At first, October seems like years away, but as the HSC exams creep closer, stress begins to build. Exams are an incredibly stressful period in students’ lives. While some stress can be a good motivator, it is important that it is managed to allow students to do the best they can in the exam room.

James Law

Here are some tips I have picked up to help manage anxiety and boost results. 

The first rule is the old adage “practice makes perfect”. When you learn a fact, your brain creates a pathway to that idea. Every time the brain retrieves knowledge, it reinforces this neural pathway. If you use the information in different ways, more connections will form. Above all, the most efficient way to promote this effect is to do practice tests. This has the added bonus of familiarising students with the kinds of questions that will be in the HSC.

If you feel like you aren’t familiar enough with the content to take practice tests, try out the “rubber duck debug” method. Take your rubber duck (or any inanimate object) and explain the concept out loud to someone, or some duck, who doesn’t know it. This forces you to organise the information in a clear, easily-understood way. 

As well as learning the content, many students struggle to concentrate for long periods of study. No one would expect an athlete to finish a marathon after only jogging for a few weeks – endurance builds with time. To focus for longer, increase your time spent studying bit by bit, week by week.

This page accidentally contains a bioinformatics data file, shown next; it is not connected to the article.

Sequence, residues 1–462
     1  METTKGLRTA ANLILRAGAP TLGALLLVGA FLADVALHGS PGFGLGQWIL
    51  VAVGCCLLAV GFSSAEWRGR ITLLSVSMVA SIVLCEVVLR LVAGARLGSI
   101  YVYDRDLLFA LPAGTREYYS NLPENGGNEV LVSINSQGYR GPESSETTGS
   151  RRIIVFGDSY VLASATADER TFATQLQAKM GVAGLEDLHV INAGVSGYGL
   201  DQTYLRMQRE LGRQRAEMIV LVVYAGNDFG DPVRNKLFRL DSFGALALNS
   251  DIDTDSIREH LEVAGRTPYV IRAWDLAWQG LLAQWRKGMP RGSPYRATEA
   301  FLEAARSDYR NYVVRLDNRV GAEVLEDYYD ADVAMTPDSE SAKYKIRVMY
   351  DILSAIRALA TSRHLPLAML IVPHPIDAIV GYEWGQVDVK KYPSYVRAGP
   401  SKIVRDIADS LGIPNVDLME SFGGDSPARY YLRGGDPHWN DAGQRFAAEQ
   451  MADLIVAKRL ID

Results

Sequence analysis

A healthy lifestyle is essential to reduce stress and increase concentration. Firstly, get a good night’s sleep. Studies have shown that being awake for just 17 hours (getting up at 7 and going to bed at midnight) can affect performance like a 0.05 blood alcohol content. Try and keep active as well; doing as little as walking three times a week releases hormones which battle depression and anxiety.

Diet is also important. Make sure that you have a low GI breakfast, as well as small snacks throughout the day to keep blood glucose levels up. Lower GI foods such as whole grains release energy over a longer period of time, helping avoid energy crashes and concentration lapses.

In the exam room, there are some extra methods you can employ if you find that you’re losing focus. The first is to drink plenty of water; dehydration of just 1 per cent can lead to a 5 per cent decrease in cognitive function.If you find yourself struggling to concentrate during that three hour exam, go to the bathroom. The burst of physical activity as you walk increases blood flow, which delivers oxygen and nutrients to your brain. While you’re in there, you can use my final trick – the ‘mammalian diving reflex’. Washing your face with cold water lowers your blood pressure which calms you down and it also redirects blood to your vital organs – including the most important test-taking organ, your brain!

Written by James Law. Academic Mentor at Smart Moves Coaching Australia. Smart Moves organises seminars during the holidays for students to use these and other preparation techniques for the HSC.